Despite the previous year’s improvement in lowering the number of smokers, lung cancer is still one of the main causes of death in Hungary. In fact, the country ranks number one in the European Union for lung cancer deaths.
A new study released by Eurostat shows that, of 5.2 million deaths reported in the EU in 2015, a quarter (1.3 million) were due to cancer. Of those deaths, 273 400 were caused by lung cancer, including cancer of the trachea and bronchi. In other words, lung cancer was the main type of fatal cancer in the EU, accounting for over a fifth (21%) of all cancer-related deaths. Men were twice as likely to be affected as women: 184,600 men died of lung cancer, compared with 88,800 women.
Across the EU Member States, the share of lung cancer among all fatal cancers was highest in Hungary (27%), followed by Greece, Denmark, Poland and the Netherlands (all 24%), Belgium (23%) and the United Kingdom (22%).
The tobacco industry has long been at the center of debate and controversy in Hungary, and not just because of public health issues. After coming to power in 2010, the Fidesz government changed the entire sector by passing regulation known as the Trafiktörvény (Tobacco Shop Act). Despite criticism, the Orbán government pushed through the legislation, and created a permit based system, where only specialized shops could sell tobacco products: in effect, this has created a state-controlled monopoly. The reason that this law generated a significant backlash was that many regular store owners, who had generated significant income through cigarette sales, weren’t granted certifications to open a specialized tobacco shop known as a National Tobacco Shop (Nemzeti Dohánybolt).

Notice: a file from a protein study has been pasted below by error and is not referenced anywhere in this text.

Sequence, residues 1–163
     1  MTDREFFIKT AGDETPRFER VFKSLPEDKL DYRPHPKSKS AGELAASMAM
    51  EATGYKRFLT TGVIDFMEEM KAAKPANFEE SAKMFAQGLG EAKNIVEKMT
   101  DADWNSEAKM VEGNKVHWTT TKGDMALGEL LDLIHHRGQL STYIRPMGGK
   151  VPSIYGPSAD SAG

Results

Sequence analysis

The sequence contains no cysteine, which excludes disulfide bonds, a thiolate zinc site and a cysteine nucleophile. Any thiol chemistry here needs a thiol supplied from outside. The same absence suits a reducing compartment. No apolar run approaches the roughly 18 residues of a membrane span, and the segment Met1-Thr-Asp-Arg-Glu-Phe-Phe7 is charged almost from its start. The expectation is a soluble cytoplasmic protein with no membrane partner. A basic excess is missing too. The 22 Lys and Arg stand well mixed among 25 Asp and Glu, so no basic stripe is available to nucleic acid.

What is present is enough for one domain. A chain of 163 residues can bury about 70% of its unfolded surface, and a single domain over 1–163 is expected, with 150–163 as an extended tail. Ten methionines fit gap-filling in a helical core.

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In 2013, Prime Minister Viktor Orban received an award from the OECD in recognition of his government’s efforts to tackle smoking in Hungary. They also released a case study about Hungarian anti-smoking regulations. This paper argued that, between 2012 and 2013, cigarette consumption decreased among adults from 12.3 billion to 8.3 billion and the rate of daily smokers decreased from 28% to 19%. Furthermore, the authors also believe that this was most likely due to combinations of the various tobacco-control measures introduced around that time. Many Hungarian newspaper, however, have questioned whether such regulations could direct effect countries’ smoking habits.
But smoking is far from the only health risk facing Hungarians. According to a 2017 OECD report, average life expectancy in the country is also lower than all of Hungary’s immediate neighbors with the exception of Romania. The report puts this gap down to cardiovascular disease and cancer rates. Hungary has significantly higher rates of smoking, obesity, and alcohol abuse than the EU average, despite a poverty and unemployment rate lower than the EU average.